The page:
Don’t get me wrong, the rising cost of college tuition is a real issue. it has been made worse by the “everyone needs to go to college” mentality.
That said, this editorial from The Huntsville Times makes little sense…
Some day, Alabama lawmakers must make the connection that a hard-line stand against taxes doesn’t always translate to savings for taxpayers.
The latest round of tuition increases at Alabama colleges is yet again an example of the “pass-the-buck” syndrome” of legislatures present and past.
The University of Alabama System board of trustees approved tuition increases Friday at campuses in Tuscaloosa, Birmingham and Huntsville. Students at UAH will face an 8.6 percent increase, bringing the cost for two semesters to $8,794. That follows an 8 percent tuition increase last year.
A 7 percent increase was approved for UA’s main campus, raising tuition there to $9,200. Tuition at the main campus rose 8.9 percent last year.
Year after year tuition increases have occurred at other public universities across the state. In April, the Auburn University board of trustees approved an 8 percent tuition increase for undergraduate students and a 9 percent increase for graduate students. That follows a 4 percent tuition boost last year and a first-ever $400 per year “proration fee.”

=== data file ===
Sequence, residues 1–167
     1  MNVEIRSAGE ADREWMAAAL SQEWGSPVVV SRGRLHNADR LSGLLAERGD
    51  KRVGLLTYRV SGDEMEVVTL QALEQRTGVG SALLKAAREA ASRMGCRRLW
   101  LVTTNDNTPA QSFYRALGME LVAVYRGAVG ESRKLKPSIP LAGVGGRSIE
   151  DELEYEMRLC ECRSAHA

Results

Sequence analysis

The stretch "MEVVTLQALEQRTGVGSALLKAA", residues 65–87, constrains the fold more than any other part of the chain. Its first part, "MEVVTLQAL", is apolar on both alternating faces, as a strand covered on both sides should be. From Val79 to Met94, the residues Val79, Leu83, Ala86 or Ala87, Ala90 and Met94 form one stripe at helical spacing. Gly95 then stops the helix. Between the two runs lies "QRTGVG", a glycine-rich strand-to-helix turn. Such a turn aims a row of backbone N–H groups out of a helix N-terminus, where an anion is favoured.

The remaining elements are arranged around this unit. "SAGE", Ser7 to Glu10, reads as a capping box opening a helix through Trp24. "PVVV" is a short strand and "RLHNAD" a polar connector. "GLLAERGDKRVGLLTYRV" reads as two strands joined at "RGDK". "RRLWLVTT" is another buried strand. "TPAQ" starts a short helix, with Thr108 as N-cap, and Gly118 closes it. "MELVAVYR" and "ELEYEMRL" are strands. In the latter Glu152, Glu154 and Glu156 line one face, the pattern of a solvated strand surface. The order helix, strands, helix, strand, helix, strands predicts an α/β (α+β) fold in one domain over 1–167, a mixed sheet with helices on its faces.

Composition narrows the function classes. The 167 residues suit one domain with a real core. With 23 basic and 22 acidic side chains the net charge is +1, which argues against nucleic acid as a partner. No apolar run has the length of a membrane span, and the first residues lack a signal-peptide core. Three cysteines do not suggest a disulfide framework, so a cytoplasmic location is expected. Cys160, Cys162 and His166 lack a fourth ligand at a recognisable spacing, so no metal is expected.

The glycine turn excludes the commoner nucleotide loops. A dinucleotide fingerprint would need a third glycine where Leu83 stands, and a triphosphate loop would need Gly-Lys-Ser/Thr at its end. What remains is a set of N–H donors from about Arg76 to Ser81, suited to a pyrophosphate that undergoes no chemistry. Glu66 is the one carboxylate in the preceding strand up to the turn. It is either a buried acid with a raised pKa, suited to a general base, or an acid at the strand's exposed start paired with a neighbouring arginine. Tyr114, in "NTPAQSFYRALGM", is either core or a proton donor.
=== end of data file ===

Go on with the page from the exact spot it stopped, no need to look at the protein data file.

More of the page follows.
And just last week, Alabama A&M’s board of trustees approved a 5 percent increase in tuition. It’s the third straight year Alabama A&M has raised tuition. Tuition there jumped 9 percent last year and 23 percent in 2010.
Tuition isn’t the only solution to keep those economic engines running. Continual tuition hikes, without serious consideration to other alternatives, are much like the pass-the-buck syndrome plaguing legislators.
Now let’s toss in some worthless platitudes…
Quality public schools are invaluable to a community.
Alabama’s universities, their researchers and programs are also vital in bringing recognition to the state and being a catalyst for expanding industries.
The question remains how to assure that. At the rate colleges are raising tuition, they are keeping the “higher” in higher education.
Don’t raise tuition, but raise taxes.
So the entire nonsensical point of this editorial is that rising tuition shifts the cost to the user?
Who are the users?
How is that “passing the buck”?
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